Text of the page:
We are living in a new era of taxes. Or to paraphrase the ancient Chinese curse, we are living in interesting times.
On January 1, 2013, Congress passed and President Obama signed the American Taxpayer Relief Act of 2012 – not to be confused with the Kyrgyzstan Taxpayer Relief Act of 2012.
Estate and Gift Tax. The estate and gift tax exclusion is now $5,000,000, indexed each year for inflation, so for 2013 it’s $5,250,000. This means you and your spouse could die this year and exempt $10,500,000 from estate tax, or if you don’t want to die this year, you could gift $10,500,000, with no gift tax.
If you die with an estate greater than $5,250,000 (double that for couples) the amount above that figure will be taxed at 40%. Same applies if you want to gift more than $5,250,000.
The politicians say this new estate and gift tax exclusion is “permanent.” And we believe them because taxes never go up, right?
Here are the 2013 federal income tax brackets:
Capital Gains Tax. The long term capital gain rate increased from 15% to 20% for individuals, couples and estates and trusts in the top ordinary income rate. For those not in the top rate, the long term capital gain rate remains at 15%.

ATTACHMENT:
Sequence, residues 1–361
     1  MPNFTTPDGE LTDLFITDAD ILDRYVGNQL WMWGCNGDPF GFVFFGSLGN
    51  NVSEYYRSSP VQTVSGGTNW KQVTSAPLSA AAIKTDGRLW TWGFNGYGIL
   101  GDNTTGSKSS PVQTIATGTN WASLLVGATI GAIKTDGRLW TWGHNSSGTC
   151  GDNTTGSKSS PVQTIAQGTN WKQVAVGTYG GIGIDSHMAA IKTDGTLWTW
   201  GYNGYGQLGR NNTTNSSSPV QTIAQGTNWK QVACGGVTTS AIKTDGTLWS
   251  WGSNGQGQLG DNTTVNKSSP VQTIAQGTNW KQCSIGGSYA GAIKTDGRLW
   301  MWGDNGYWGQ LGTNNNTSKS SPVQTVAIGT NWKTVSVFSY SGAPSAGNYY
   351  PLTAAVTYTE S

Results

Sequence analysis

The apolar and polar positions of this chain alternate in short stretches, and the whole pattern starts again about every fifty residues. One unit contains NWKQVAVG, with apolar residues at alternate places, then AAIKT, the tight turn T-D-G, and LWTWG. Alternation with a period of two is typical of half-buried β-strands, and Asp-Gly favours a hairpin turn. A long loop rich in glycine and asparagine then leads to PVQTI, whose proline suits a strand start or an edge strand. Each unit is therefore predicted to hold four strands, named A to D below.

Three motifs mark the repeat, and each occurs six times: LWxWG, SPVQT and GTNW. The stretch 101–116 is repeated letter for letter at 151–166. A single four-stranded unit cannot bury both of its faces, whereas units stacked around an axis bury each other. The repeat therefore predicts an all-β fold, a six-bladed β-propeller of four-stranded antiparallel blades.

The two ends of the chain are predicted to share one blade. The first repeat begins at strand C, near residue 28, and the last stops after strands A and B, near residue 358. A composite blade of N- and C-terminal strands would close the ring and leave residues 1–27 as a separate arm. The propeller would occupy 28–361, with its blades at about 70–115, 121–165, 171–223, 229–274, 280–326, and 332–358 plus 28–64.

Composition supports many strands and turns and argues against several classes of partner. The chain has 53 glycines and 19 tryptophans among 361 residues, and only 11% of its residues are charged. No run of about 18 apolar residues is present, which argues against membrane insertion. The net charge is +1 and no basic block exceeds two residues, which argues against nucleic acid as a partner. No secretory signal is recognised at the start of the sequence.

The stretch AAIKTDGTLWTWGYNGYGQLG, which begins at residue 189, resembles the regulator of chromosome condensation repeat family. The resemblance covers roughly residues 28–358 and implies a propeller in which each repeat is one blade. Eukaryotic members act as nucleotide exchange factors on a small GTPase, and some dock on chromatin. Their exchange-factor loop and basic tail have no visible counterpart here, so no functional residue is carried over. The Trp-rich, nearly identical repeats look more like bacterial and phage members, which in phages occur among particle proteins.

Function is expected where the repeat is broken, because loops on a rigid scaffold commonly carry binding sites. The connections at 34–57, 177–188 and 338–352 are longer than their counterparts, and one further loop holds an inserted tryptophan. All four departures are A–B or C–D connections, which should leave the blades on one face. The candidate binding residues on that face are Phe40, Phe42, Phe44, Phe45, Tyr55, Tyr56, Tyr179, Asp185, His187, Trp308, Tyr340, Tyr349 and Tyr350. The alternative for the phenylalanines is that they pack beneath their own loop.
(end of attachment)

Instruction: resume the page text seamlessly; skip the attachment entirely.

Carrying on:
Health Care and Education Reconciliation Act of 2010 (aka Obamacare). Although this law was passed in 2010, it is only now coming to a tax collector near you. A “Medicare surtax” of 3.8% will apply to net investment income, which includes:
- interest, dividends, annuities, and rents
- gains from sale of property
For individuals, the Medicare surtax applies to the lesser of net investment income or the excess of modified adjusted gross income (AGI) over $200,000 for those filing separately and $250,000 for married and filing jointly.
For estates and trusts, the Medicare surtax applies to the lesser of undistributed net investment income or the excess of AGI over the threshold for the top estate and trust income tax bracket, which for 2013 is $11,950.
For more on the Medicare surtax, click here for a good primer in Forbes by Lewis Saret.